THE EXPERIENCE OF COLOURS: Art Scientific Analysis of Christina Steffans


Christina Steffans

The artist Christina Steffans was born in 1994 in Kleve, Germany. From 2013 until 2019, she studied painting with professors Stefan Kürten and Sabrina Fritsch at Kunstakademie Düsseldorf from which she graduated in 2019. Her works were displayed in galleries and museums in Cologne, Düsseldorf, Bonn, and New York, amongst them Kunsthaus Mettmann and Kunstpalast Düsseldorf. The artist currently lives and works in Canada. I would like to invite you to focus on one of her paintings that I have selected from a series of 19 artworks the artist has created for her graduation show at Kunstakademie Düsseldorf in 2019. Most of the paintings from this series are works on polyester canvas, and some on acrylic glass, however, they all have one unique feature in common: the paint is applied BEHIND the material mentioned.


Christina Steffans, Untitled, 2019, 50 x 40 cm, Acrylic behind polyester

Let’s start from the beginning: The selected untitled artwork is 50 x 40 cm (15.79 x 19.69 in) in size and created with acrylic behind polyester fabric, which results in a very smooth surface. Although at first glance it appears to be very soft with its light purple and white pastel colours, the intense yellow in different shades reveals quite the opposite at second glance. This contrast is even emphasised in the composition: Strong vertical and horizontal colour blocks with in parts very smooth margins are interrupted by thin white lines that run across the painting. They look like brush strokes that invite you to follow the movement captured in this painting. You can imagine all the different layers that have been built up to the final composition. You might be reminded of digital brushstrokes and perceive the painting as if looking through a filter.


The artist says “the theme of my artistic exploration is the experience of colours”. Therefore, she has been working without objects in her artworks for quite some time and built up her artistic works in several transparent layers. About a year ago she began to experiment with different translucent fabrics instead of cotton or nettle as a background for her paintings. She finally ended up with a polyester fabric because of its unique properties:

“For me, the exciting thing about the translucent polyester fabric was that the layers of paint pressed through to the back, creating a completely new picture. So I took took the liberty to glaze the fabric on both sides and declared the reverse side of the painting a new view”,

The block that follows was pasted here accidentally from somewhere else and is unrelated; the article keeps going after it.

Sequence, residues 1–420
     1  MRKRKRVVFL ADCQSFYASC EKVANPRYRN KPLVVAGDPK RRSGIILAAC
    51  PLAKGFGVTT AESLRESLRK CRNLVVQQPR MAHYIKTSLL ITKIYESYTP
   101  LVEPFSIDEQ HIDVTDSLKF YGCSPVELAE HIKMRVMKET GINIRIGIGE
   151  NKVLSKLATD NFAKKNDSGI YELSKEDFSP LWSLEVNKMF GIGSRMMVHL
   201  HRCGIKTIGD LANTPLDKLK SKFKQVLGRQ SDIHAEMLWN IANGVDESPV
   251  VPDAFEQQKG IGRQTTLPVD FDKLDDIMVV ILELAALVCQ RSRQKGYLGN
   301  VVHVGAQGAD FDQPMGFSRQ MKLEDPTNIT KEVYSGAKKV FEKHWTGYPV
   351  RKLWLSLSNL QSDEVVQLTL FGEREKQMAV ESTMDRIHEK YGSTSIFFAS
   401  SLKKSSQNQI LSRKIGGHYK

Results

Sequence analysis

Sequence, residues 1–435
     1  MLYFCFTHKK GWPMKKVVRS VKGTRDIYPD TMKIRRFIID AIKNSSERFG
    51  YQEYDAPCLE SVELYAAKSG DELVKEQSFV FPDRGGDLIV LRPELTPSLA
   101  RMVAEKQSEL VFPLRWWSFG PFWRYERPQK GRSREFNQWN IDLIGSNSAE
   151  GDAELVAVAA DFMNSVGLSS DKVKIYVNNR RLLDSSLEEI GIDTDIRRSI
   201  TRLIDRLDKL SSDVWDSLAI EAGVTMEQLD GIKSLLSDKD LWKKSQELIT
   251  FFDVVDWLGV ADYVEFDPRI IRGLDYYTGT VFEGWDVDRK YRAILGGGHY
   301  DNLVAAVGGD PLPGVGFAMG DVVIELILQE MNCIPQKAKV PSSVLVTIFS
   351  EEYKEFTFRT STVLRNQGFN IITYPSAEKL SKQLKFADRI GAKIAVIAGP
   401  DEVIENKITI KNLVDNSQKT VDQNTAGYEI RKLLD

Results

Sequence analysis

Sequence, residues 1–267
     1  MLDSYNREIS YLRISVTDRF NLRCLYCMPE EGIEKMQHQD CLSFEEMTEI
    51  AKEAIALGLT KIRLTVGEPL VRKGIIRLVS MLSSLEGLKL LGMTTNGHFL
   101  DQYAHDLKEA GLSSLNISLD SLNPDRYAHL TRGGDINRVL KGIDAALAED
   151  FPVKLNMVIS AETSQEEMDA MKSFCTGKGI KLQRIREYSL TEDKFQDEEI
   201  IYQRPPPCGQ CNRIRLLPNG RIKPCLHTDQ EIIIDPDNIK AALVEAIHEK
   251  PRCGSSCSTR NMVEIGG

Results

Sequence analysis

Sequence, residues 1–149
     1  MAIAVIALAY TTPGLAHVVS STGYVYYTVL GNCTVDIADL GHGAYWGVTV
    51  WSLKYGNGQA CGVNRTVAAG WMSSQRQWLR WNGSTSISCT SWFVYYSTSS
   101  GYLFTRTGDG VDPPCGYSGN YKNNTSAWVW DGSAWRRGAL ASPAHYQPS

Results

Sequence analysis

says Christina Steffans.


Through the treatment of the fabric from behind and its immanent translucency, the aspect of light becomes an integral part of the work. At the same time, there is hardly a feeling of the materiality of the colour. This is not only owed to the fact that the artists paints with very diluted, water-like paint – which she mixes herself – but also to the fact that many of the brushstrokes visible in front were worked from the back.


Willem de Kooning, Untitled, 1961, Oil on Canvas, 203 x 178 cm

Image: Thomas, Karin: DuMont’s kleines Sachwörterbuch zur Kunst des 20. Jahrhunderts, 1977, Köln.


Christina Steffans has worked with Stefan Kürten and Sabrina Frisch, of whom especially the latter is known for abstract artworks that display fluidity. Looking further back, Steffans works might follow the ideas of the American Expressionism and reminds of one painting by Dutch-American painter Willem de Kooning (1904-1997) in particular: Untitled, 1961, 178 x 203 cm, Rose Art Museum, Brandeis University, USA. Although larger in size, you can also feel a strong expression through vertical and horizontal lines, brushstrokes in between,

colour blocks including different shades. In comparison, Steffans’ work seems a bit more minimalist and focused, and it is was created from behind the canvas. This is the new aspect of Steffans’ work: giving us the illusion of a digital painting that is designed with traditional techniques and materials – which has current relevance to the present and future of painting in our times.


By: Ruth Polleit Riechert



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